KORN FERRY TOUR INSIDER
McInerney survives Las Vegas shooting
Las Vegas native inspired by how his community rallied together
October 04, 2017
By Adam Stanley, PGATOUR.COM
- Web.com Tour member A.J. McInerney was at Sunday night's concert in Las Vegas, which turned into the deadliest mass shooting in U.S. history. (Ryan Young/PGA TOUR)
“It was da-da-da-da-da-da for a full minute. We were sitting ducks in this crowd of people, and he was 32 floors up with the range and the angle on the entire place. The shooting let up for a few seconds, assuming for him to reload, and when that happened we figured we had to go. We ran for our lives.”
Twenty-three-year-old A.J. McInerney was upset to be missing the Web.com Tour Championship on Sunday, after a fairly up-and-down season on the Web.com Tour saw him finish 97th on the money list.
But this past weekend, the Las Vegas native was more than happy to be home with his close group of friends attending the Route 91 Harvest Music Festival, a weekend they look forward to all year long.
Jason Aldean, one of country music’s biggest acts, and a favorite of McInerney and his girlfriend, Alyssa Martine, had just begun his festival-ending set.
Aldean, known for big guitar riffs and soaring country-rock hooks, was just settling into a groove, along with Martine and McInerney, who were dancing together to Aldean’s 2012 hit, ‘When She Says Baby,’ and having a blast, he says.
And that’s when it happened.
“At first it sounded like firecrackers, right in the area we were standing in," recalls McInerney. "It sounded like they were 10 feet from us. We turned around, the group of 20 or so I was with, and we all looked around, wondering, ‘Who the heck brought firecrackers into a concert?’ when all of a sudden, a guy who was right near us yelled at the top of his voice: ‘Those aren’t firecrackers … everybody get down!’”
Saw a few people down and bullets hitting the ground everywhere. I'm lucky to be alive. Praying for everyone. #VegasStrong— AJ McInerney (@AJ_McInerney) October 2, 2017
McInerney didn’t know it at the time, but he was in the midst of the largest mass shooting in the history of the United States, with more than 50 dead and nearly 600 injured, after a shooter open-fired from the 32nd floor of the Mandalay Bay Resort and Casino in Las Vegas.
McInerney admits he was lucky neither he nor his girlfriend were saying hello to a friend, or getting water, or in the bathroom, at the time.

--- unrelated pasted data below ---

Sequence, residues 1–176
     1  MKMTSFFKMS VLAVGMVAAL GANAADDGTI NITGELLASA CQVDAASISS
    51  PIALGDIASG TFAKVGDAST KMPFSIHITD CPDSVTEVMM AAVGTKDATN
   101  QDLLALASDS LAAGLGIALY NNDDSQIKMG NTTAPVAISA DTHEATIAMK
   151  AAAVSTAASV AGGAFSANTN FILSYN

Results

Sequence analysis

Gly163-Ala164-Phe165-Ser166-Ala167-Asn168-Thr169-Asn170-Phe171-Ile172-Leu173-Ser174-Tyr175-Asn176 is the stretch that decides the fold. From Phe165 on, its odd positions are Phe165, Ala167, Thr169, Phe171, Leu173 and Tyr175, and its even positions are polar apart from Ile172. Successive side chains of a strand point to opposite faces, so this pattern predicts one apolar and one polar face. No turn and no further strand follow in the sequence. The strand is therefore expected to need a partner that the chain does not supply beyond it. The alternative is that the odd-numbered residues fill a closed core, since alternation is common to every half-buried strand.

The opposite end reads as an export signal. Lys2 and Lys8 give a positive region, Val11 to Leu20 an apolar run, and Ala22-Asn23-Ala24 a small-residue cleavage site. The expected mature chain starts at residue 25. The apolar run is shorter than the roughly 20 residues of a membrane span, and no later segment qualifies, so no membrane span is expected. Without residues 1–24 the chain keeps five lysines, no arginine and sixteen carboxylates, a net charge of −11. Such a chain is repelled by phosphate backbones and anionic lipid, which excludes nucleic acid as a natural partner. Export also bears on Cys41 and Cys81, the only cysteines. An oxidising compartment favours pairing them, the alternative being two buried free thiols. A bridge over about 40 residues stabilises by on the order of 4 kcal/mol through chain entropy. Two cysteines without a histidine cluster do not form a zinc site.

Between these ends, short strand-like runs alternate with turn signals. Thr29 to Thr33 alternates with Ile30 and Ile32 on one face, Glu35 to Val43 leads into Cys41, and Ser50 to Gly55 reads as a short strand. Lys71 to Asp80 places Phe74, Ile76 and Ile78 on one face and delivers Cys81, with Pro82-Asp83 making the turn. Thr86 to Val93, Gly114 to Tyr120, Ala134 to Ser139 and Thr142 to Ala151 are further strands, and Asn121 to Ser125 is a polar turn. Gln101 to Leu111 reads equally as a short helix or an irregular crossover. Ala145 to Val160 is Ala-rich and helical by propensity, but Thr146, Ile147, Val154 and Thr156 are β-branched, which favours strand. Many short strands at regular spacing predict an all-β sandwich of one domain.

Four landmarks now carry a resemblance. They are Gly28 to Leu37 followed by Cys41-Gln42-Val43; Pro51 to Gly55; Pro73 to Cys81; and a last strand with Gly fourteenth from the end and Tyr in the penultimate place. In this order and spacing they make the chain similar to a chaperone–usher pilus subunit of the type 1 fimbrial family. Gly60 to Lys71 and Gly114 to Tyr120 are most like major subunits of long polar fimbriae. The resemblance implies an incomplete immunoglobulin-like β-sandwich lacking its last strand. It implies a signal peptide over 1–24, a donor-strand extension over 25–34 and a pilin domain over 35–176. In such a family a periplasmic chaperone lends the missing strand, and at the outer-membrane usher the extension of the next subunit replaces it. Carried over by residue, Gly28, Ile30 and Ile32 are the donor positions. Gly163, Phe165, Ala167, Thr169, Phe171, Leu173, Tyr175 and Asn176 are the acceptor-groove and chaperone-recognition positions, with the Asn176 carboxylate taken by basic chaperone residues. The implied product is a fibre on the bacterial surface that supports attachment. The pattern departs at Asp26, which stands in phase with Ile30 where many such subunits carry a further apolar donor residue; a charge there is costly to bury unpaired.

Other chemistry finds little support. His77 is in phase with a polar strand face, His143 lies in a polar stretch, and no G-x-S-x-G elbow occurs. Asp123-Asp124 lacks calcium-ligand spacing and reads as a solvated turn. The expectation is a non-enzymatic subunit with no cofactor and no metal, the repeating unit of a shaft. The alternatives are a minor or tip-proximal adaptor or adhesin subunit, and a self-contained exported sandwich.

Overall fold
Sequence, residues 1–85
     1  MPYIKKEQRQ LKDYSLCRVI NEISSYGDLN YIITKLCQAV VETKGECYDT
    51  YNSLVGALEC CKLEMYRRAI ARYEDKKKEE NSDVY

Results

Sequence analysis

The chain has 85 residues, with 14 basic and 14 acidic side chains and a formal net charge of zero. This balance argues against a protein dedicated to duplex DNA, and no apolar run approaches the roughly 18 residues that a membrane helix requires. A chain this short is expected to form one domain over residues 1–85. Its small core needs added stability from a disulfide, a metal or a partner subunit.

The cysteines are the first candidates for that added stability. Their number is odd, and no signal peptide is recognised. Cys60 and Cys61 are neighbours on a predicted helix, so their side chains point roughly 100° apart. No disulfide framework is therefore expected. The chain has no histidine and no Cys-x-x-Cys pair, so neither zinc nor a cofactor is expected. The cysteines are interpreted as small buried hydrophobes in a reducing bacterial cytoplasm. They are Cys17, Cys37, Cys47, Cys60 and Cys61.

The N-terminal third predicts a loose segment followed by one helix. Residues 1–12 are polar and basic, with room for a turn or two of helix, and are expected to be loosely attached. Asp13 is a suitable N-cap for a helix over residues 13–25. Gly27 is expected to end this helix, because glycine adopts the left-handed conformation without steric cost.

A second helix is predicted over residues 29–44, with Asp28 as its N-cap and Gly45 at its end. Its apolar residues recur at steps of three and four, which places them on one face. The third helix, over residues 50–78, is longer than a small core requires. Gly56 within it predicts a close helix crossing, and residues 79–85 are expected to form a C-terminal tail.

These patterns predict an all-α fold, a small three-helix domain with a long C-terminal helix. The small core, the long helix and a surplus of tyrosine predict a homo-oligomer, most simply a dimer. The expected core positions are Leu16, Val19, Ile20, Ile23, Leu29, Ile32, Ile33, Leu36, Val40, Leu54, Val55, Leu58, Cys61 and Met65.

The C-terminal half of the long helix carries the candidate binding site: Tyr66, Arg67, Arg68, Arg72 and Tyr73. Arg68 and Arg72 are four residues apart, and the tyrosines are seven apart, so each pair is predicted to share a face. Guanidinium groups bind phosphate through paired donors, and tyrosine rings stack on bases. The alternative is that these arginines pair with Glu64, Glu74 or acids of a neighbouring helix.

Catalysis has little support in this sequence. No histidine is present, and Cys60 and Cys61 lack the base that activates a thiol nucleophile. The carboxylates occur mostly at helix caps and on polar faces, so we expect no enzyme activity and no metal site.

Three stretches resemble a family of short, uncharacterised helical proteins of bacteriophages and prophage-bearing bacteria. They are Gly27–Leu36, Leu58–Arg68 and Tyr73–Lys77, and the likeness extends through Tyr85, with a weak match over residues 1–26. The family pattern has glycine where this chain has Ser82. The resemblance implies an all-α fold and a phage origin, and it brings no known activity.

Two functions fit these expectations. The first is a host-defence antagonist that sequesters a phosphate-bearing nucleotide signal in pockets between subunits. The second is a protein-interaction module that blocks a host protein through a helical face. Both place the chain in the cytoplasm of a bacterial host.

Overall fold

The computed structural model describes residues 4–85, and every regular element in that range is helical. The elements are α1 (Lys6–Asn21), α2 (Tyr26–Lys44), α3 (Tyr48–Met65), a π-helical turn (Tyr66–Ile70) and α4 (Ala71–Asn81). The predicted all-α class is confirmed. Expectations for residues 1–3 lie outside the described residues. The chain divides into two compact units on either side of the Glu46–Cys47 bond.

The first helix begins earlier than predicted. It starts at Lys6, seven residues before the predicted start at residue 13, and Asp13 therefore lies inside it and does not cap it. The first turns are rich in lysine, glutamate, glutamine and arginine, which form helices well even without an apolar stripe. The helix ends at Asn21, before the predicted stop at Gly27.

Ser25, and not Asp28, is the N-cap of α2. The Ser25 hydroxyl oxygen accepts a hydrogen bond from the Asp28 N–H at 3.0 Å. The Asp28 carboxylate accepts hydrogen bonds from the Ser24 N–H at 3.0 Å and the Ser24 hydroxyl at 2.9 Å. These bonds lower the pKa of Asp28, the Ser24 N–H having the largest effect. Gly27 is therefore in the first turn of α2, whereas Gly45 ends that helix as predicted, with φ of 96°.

They were together.
“We knew what was going on and we ran. We ran for our lives,” he says. “You could hear bullets and the ‘thump’ when they hit someone next to you. You could hear it flying overhead. You could see the smoke and the sparks come off the asphalt next to you where the bullets landed.”
Words don't describe how thankful I am for @AJ_McInerney.He laid right on top of me to make a shield & made me his #1 priority(Ant did too)— alyssa martine (@alyssamartine) October 3, 2017
McInerney says despite the horrific act that took place Sunday, he says the way the Las Vegas community has rallied together has been inspiring.
He says a friend of his waited 12 hours to give blood earlier this week, the restaurants were donating food, and people were bringing around phone chargers to people who were trying to contact loved ones – anything they could to help.
“My girlfriend’s brother … his sister got shot, so we didn’t know where they were. My mom was able to pick him up after he got separated from her and took him to the hospital. She is going to live after surgery," he explains, saying the first responders of Las Vegas were the real heroes Sunday night during the frantic scene in one of the world's busiest cities.
"The amount of people who helped and put their lives on the line ... when we were driving away, people who weren’t even at the concert, they had pickup trucks and were driving towards (the shooting). People were running down the middle of Las Vegas Boulevard, just running for safety, and would jump into the back of pickup trucks just trying to get away."
After about 15 minutes, the shooting had ceased, and he, his girlfriend, and her brother made it to his car. McInerney says he grabbed as many people as he could – even people he didn’t know – and took them away from the shooting area.
“I wanted to go back and help as much as I could,” he says. “Me and my friends and my girlfriend weren’t physically harmed, but we’re just emotionally shaken.”
His spirits were lifted by the way the community – his community – came together in such a time of crisis.All of a sudden, a guy who was right near us yelled at the top of his voice: ‘Those aren’t firecrackers … everybody get down!'
“I love Las Vegas. I grew up here and I stayed here for college. I’m based out of here now and I have no plans for leaving. This made me fall in love with Vegas even more,” he says. “Everyone knows everyone and we came together so good. We came together and everyone did what they could to help.”
McInerney hasn’t played golf since the shooting, and admits he’s not sure how the incident will impact him on the course. He’ll play Second Stage of Web.com Tour Q-School in about a month and says he’s going to do his best to prepare for that week.
He’s seen a horrific tragedy unfold in front of his own eyes, but if there can be a silver lining to the massacre, it's how well Las Vegas rallied as one.
And that’s what he says he’s going to try to remember moving forward.
“It’s not about who you are or anything like that. It’s about the people that died, and doing everything you can to help them. It’s no longer about any individual person,” he says. “When you’re sitting there getting shot at, everyone’s the same.”